Within the human prostate epithelium four cell populations can be discriminated based on their expression of keratins (K). Basal cells express high levels of K5 and K14, as well as p63, whereas they have very low levels of androgen receptor, prostate-specific antigen (PSA), K8, and K18. Luminal secretory cells lack p63, K5, and K14 but express high levels of K8, K18, androgen receptor, and PSA. Additionally, cells have been identified with a keratin phenotype intermediate between basal and luminal cells that co-express high levels of K5 and K18 (K5/18) as well as hepatocyte growth factor receptor c-MET. Although intermediate cells have been proposed as precursor cells of prostate cancer, their biology is ill defined. Epithelial cells in proliferative inflammatory atrophy (PIA) appear to be cycling rapidly as indicated by expression of Ki-67, and morphological transitions have been identified between PIA and high-grade prostate intraepithelial neoplasia. Many of the atrophic epithelial luminal cells in PIA are candidates for intermediate cells based in part on weak expression of PSA and androgen receptor, high levels of K8/18, and lack of p63. The objective of this study was to further clarify the phenotype of the proposed intermediate cells in PIA and to quantitatively determine the level in which these intermediate cells preferentially occur in PIA lesions. Intermediate cells were immunohistochemically demonstrated using antibodies to K5, K14, K18, and c-MET. Using radical prostatectomy specimens (n = 15) the area fraction of intermediate cells in normally differentiated prostate epithelium and PIA were quantified by a grid point counting method. Atrophic luminal cells of PIA lesions expressed K5 in 39.2 +/- 7.4% of cells compared to 2.4 +/- 2.3% in normal epithelium (P < 0.00001). By contrast, K14 was only expressed in 3.0 +/- 3.2% of the luminal cells. Previous studies have shown that virtually 100% of these atrophic luminal cells are strongly positive for K8/18. c-MET was present in 44.1 +/- 14.1% of luminal cells in PIA but only in 2.1 +/- 2.8% of luminal cells in normal epithelium (P < 0.00001). To unambiguously determine whether intermediate luminal cells in PIA show increased proliferative activity and decreased p27(kip1) expression, double-staining immunofluorescence of Ki-67 and K5, as well as p27(Kip1) and K5 was performed. Luminal cells in PIA often co-expressed K5 and Ki-67. Although p27(Kip1) was strongly expressed in K5-negative differentiated cells in normal epithelium, p27(Kip1) staining was absent in many of the K5-positive cells in the luminal compartment of PIA. We conclude that cells phenotypically intermediate between basal and secretory cells are enriched in PIA lesions. The finding of a large number of highly proliferating intermediate cells in PIA provides further support that these cells may serve as preferred target cells in prostate carcinogenesis.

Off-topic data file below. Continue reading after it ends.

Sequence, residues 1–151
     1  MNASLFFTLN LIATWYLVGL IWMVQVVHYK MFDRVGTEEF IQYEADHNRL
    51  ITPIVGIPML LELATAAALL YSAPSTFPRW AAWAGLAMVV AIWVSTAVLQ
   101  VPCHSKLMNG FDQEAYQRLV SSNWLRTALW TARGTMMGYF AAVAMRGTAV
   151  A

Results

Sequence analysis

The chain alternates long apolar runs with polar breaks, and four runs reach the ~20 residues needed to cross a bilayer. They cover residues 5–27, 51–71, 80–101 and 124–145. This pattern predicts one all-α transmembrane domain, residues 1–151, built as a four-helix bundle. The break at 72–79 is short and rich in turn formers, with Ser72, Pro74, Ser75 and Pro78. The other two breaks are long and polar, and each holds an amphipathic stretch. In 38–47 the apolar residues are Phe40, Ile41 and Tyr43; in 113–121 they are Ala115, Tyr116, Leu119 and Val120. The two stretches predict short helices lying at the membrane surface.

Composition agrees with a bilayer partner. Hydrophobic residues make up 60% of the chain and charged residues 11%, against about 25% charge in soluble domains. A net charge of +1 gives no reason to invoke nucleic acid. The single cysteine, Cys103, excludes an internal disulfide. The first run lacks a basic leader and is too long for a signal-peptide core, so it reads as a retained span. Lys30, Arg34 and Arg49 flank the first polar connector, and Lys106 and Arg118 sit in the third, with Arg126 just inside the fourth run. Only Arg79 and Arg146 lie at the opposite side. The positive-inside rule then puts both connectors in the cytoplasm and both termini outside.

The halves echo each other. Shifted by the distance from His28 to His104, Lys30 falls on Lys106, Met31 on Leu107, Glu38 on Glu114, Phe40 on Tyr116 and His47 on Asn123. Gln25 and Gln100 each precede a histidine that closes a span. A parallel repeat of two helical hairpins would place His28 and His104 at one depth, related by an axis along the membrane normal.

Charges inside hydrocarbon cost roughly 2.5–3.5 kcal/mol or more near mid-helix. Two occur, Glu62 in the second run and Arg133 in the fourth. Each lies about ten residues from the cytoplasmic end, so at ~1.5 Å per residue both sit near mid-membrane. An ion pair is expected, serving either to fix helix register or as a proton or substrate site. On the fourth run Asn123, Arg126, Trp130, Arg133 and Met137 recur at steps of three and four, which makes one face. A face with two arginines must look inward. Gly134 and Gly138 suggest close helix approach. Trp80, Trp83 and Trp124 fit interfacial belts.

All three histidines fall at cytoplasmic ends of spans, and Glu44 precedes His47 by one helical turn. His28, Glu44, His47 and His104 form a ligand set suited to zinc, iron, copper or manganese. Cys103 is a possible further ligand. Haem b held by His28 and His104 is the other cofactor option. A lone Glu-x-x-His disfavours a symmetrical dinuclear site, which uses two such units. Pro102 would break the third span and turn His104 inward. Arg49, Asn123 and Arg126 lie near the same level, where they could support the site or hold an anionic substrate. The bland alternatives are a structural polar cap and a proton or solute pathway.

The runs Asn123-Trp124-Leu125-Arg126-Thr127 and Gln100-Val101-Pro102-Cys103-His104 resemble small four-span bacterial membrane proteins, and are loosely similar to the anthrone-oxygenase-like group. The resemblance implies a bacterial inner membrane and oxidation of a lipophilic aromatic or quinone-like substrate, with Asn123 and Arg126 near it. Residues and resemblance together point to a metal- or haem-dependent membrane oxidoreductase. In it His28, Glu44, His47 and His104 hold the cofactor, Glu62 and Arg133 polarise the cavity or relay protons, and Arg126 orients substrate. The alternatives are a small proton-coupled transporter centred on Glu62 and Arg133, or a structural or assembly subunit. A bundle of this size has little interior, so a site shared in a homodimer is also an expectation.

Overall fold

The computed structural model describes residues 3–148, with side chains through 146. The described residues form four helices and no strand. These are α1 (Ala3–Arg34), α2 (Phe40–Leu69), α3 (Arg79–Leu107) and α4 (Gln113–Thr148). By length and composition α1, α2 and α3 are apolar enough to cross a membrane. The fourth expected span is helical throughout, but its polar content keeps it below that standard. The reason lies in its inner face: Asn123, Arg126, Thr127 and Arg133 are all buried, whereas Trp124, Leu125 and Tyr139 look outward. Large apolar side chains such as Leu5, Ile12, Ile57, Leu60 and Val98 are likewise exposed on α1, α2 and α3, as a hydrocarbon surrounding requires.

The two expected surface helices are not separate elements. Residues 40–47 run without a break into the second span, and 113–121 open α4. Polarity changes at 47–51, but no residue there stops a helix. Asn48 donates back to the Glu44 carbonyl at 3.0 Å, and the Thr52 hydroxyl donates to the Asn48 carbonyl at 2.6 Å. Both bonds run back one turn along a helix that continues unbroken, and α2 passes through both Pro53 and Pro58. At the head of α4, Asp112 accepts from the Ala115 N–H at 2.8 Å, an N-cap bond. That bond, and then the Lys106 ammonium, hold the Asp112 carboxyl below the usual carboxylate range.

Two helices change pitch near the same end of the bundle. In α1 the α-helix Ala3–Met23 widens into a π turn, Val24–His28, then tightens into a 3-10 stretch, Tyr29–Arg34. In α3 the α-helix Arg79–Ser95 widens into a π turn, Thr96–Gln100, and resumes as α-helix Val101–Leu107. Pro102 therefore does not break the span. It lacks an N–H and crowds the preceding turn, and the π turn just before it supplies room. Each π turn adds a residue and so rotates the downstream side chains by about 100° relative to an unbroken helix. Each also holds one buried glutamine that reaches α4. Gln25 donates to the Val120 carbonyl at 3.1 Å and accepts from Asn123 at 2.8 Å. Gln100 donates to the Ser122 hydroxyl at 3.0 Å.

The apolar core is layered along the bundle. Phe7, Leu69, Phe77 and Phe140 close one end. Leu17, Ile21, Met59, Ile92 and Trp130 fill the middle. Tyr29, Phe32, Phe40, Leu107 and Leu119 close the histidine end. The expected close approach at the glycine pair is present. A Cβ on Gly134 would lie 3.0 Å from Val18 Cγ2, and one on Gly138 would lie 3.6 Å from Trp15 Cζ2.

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http://www.ncbi.nlm.nih.gov/pmc/articles/PMC1851184PMC
http://dx.doi.org/10.1016/S0002-9440(10)64286-1DOI Listing
May 2003

DD3(PCA3), a very sensitive and specific marker to detect prostate tumors.

Cancer Res 2002 May;62(9):2695-8

Department of Clinical Chemistry, University Medical Centre Nijmegen, 6500 HB Nijmegen, The Netherlands.

We identified DD3(PCA3) as one of the most prostate cancer-specific genes at present (M. J. Bussemakers et al. Cancer Res., 59: 5975-5979, 1999). Consequently, DD3(PCA3) is an interesting candidate for use as a diagnostic and/or prognostic marker. In this study we developed a method for the accurate quantification of DD3(PCA3) mRNA, using real-time quantitative reverse transcription-PCR. DD3(PCA3) was expressed at low levels in normal prostate but not in 21 selected other normal tissues, blood, or 39 tumor samples other than prostate. The diagnostic and prognostic value of DD3(PCA3) in normal, hyperplastic, and malignant prostate tissues was determined and compared with another promising tumor marker for prostate cancer, telomerase reverse transcriptase (hTERT gene), the expression of which is related to telomerase activity. Sensitivity and specificity estimates for both genes were calculated as the area under the receiver-operating characteristics curve (AUC-ROC). DD3(PCA3) (AUC-ROC, 0.98) demonstrated better diagnostic efficacy than hTERT (AUC-ROC, 0.88). Moreover, the median increase in mRNA expression in tumor tissues compared with nonmalignant prostate tissues was much higher for DD3(PCA3) (34-fold) than for hTERT (6-fold). In tumor tissues, the median expression of DD3(PCA3) was much higher than hTERT (5849 versus 10 normalized mRNA copies). A significant relationship was observed only between tumor stage and hTERT gene expression. We conclude that expression of the DD3(PCA3) gene is a very sensitive and specific marker for the detection of prostate tumor cells in a high background of normal (prostate) cells. Consequently, DD3 measurements may be used for clinical application in prostate needle biopsies or bodily fluids such as blood, ejaculate, urine, or prostate massage fluid.
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May 2002